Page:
In my early drafts of Full Coverage (before meeting my awesome editor!) I fell into the same trap that many indie writers do. I described things in way too much detail and let the world building kill the pacing and drag the story down. In this Deleted Scene, we will go over one of the most egregious instances of this and what I did to fix it. There will be some mild spoilers involved in describing this scene so if you haven’t read Full Coverage: An Action Comedy yet, please go and check it out on Kindle or Paperback on Amazon first and then come back here.
This scene was the original beginning of the book. Kyle has been captured by the Latin Yakuza boss he was hired to kill and is chained the floor of the “event” cell with a machete stuck in his enhanced arm. In the final version of the book these events take place in Chapter 2, but this was the original start of the book until Rev 08. For comparison, the final released version of the book is Rev 10.
Why It Was Cut
Below are the first 952 words of Rev 05 of Full Coverage, which was the first version of the completed book that I felt comfortable sending out the friends to beta test back in October 2015. Right off the bat, I get sucked into over-describing everything. It takes 874 words before the first action by a person occurs and even that is just wiggling a machete by an unnamed character. All of it is just super in depth description of everything in the current scene down to minute details like the color of the pills Kyle is taking. It takes 1,599 words before anyone says anything and 1,708 words before our main character does anything. This is not a gripping way to begin an “action” novel for a reader who has never heard of you. Would you stay with a book that takes nearly 7 pages before the main character does anything? It’s all world building and it totally drags.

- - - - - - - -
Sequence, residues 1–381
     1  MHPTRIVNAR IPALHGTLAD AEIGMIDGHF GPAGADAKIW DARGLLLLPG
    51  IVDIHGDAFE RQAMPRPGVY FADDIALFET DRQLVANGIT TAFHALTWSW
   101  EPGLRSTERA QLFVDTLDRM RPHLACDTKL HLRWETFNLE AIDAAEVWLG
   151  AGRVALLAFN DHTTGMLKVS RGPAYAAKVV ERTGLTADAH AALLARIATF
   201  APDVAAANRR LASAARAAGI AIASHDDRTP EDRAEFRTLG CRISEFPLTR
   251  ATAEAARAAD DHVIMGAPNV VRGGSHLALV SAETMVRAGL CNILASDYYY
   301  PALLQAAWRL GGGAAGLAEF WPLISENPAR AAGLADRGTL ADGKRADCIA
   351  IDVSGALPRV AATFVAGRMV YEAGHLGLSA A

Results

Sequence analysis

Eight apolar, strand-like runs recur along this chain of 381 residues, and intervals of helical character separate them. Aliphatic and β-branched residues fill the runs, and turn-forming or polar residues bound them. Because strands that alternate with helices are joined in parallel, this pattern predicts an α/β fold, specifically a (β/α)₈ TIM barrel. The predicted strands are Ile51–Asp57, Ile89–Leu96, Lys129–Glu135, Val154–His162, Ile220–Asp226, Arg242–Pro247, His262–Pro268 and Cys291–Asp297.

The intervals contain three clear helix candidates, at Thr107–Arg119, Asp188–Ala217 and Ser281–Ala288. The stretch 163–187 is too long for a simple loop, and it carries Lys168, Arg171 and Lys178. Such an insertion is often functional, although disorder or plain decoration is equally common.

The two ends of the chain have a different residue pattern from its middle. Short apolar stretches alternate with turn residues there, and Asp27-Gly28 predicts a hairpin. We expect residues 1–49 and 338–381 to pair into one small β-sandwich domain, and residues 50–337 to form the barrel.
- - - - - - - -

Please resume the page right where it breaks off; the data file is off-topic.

What Was Changed?
Unlike the previous deleted scene, most of what is in this one actually made it to the final book in some form. The pills and enhancements Kyle has all stayed and the plot of this scene remained pretty much intact. The big change was in not dumping a ton of info to describe every odd/new/weird thing that is present in the scene all at once. Instead, I moved those descriptions to places in the story where they actually affect the plot and trimmed down on the length of time spent describing them. The reinforced eardrums for example, are now described when an explosion goes off next to Kyle instead of just being dumped into the middle of scene. His plasticized skin is mentioned when he gets stabbed and so on.
The other big change was in moving this from the very beginning to Chapter 2. That way instead of just hearing about all the destruction and havoc Kyle caused we can actually see it and his flaw (lazy approach to his work) first hand.
The Deleted Scene
Below is the original opening to Rev 05 of Full Coverage up until the first character action (the drop of sweat doesn’t count as a character). Please learn from my example of what not to do and do not start any book with an infodump like this:
A single drop of sweat formed on the brow of Kyle Soliano’s head just below his neatly trimmed, lightly gelled, short spiky black hair. The drop of sweat then started its journey down his forehead, sliding over his perfectly tanned skin. Unlike a natural skin tan, this not the result of careless UV exposure, but was instead caused by pills designed to increase the melanin in one’s skin without the need for risking cancer. These pills were dark brown.
The drop of sweat curved around Kyle’s eyebrows and orbited around one his new eyes. Both of them had been recently replaced after he lost his previous ones during an ill-fated bout with a flamethrower. He had decided to try green this time.
These new eyes had not been transplanted from anybody else, living or dead. Instead, they had been custom made for Kyle using a bio-printer, a type of 3D printer capable of printing human tissue. The model that had printed these new eyes for Kyle had been a very high-end version that was also capable of printing electrical circuits at the same time. Each eye featured a printed in antenna, camera and screen that provided an internal heads up display that only Kyle could see linked to his phone.